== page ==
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Laura and her mother receive a Braille hymnal in Shona from Bishop Eben Nhiwatiwa as the Rev.  Allan Gurupira looks on. Photo by Priscilla Muzerengwa, UMNS

Photo by Priscilla Muzerengwa, UMNS

Laura and her mother receive a Braille hymnal in Shona from Bishop Eben Nhiwatiwa as the Rev. Allan Gurupira looks on.

Bishop Eben Nhiwatiwa displays the new Braille Shona hymnal. Photo by Priscilla Muzerengwa, UMNS

Photo by Priscilla Muzerengwa, UMNS

Bishop Eben Nhiwatiwa displays the new Braille Shona hymnal.

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Conference produces Braille hymnal in Shona

 

By Priscilla Muzerengwa
Aug. 17, 2015 | HARARE, Zimbabwe (UMNS)

Moving her fingers cautiously over the raised dots on the page, 16-year-old Laura Muzambi sings a song from the hymnal for the first time.

Zimbabwe Bishop Eben Nhiwatiwa presented the first ever Braille hymnal in Shona to Muzambi, who is blind. The hymn book was produced in response to resolutions passed in the two annual conferences held in the Zimbabwe Episcopal Area in 2014.

“Let us continue to make disciples of Jesus Christ by making the church relevant to the world,” Nhiwatiwa said as he handed over the book. “You have a blessed future and your passion for singing will not go to waste.”

Churches in Zimbabwe are beginning to give worshippers printed material such as order of service, announcements, hymns of the day, Bible readings and the church newsletter. And other churches are using projectors and screens.

“All this is bringing a challenge of isolation and disconnectedness for the visually impaired,” Laura Muzambi said. “It was difficult for me to participate fully in the church service without a hymn book. Now I will be able to sing UMC hymns with others in church.”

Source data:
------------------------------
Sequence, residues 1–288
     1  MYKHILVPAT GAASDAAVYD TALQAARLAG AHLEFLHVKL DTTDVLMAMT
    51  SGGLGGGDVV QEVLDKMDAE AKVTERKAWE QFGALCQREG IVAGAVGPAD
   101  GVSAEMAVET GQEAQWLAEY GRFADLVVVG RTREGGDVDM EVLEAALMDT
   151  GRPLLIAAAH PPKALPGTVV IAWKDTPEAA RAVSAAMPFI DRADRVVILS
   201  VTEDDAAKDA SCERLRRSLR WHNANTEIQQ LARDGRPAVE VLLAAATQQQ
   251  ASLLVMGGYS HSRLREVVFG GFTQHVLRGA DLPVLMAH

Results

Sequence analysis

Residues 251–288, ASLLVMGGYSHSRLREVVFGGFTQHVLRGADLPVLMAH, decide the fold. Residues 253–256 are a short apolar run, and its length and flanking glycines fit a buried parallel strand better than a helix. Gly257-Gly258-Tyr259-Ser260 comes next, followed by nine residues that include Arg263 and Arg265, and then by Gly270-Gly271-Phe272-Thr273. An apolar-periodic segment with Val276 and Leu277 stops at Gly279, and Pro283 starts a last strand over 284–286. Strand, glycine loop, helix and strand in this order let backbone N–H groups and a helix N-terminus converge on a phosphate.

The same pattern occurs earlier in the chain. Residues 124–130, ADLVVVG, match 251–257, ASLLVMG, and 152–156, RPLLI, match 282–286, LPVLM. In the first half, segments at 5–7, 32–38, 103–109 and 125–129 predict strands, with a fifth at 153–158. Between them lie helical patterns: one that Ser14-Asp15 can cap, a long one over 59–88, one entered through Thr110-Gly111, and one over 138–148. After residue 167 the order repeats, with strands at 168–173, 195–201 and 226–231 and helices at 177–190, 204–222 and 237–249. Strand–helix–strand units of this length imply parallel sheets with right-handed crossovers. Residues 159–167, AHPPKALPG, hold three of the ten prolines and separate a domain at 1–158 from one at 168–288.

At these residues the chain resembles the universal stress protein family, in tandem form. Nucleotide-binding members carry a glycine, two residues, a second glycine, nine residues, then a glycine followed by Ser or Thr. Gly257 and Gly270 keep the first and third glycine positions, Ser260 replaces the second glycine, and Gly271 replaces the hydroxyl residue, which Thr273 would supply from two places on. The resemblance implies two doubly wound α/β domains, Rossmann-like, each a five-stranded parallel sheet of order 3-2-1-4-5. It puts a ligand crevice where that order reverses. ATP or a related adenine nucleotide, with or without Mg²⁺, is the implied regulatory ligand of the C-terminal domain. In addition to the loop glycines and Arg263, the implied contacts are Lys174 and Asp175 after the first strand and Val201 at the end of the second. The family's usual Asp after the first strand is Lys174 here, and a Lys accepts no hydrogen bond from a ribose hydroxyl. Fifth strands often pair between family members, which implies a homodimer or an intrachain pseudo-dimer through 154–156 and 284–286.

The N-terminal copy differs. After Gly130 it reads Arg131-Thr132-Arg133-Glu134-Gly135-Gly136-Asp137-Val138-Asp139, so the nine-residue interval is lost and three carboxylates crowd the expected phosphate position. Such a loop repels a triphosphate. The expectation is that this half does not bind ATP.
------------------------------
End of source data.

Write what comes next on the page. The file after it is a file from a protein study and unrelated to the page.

Be sure to add the alt. text

Laura Muzambi sings a song from a Braille Shona hymnal she received from Bishop Eben Nhiwatiwa. Photo by Priscilla Muzerengwa, UMNS.

Persistence paid off

Her mother, Vernamay Muzambi, was not easily discouraged and persisted in searching for a
Braille hymnal for her daughter so she could sing with others. Eventually, the Zimbabwe East and West Conferences resolved to produce a Braille hymnal in Shona, the first language of many in Zimbabwe.

The hymnal is a spiral-bound, two-volume set with 27 lines on each page.

“This is the starting point. We will ask for reviews and add the responsive reading in the next edition,” said the Rev. Gift Machinga, Zimbabwe East Board of Discipleship chairman.  “We will work on getting more Christian material into Braille.”

The new hymn book cost $350 U.S. and was sponsored by United Methodist Discipleship Ministries. Subsequent copies will cost $60 U.S. and will be sold for cost. The church will produce the first 50 copies for children at the Mutambara and Murehwa mission centers.

Connectional Ministries is making an effort to nurture the spiritual lives of all members with disabilities so that they become professing and active members of the church.

The Ministry with Women, Youth and Children conference committee has just embarked on a series of sign language workshops at the Nyadire Mission and St. John Chikanga United Methodist Church. These workshops target students, teachers, nurses, youths and parents so that they can communicate with the hearing impaired within their communities.

Muzerengwa is a communicator for Zimbabwe East Annual Conference.

News media contact: Vicki Brown, news editor, newsdesk@umcom.org or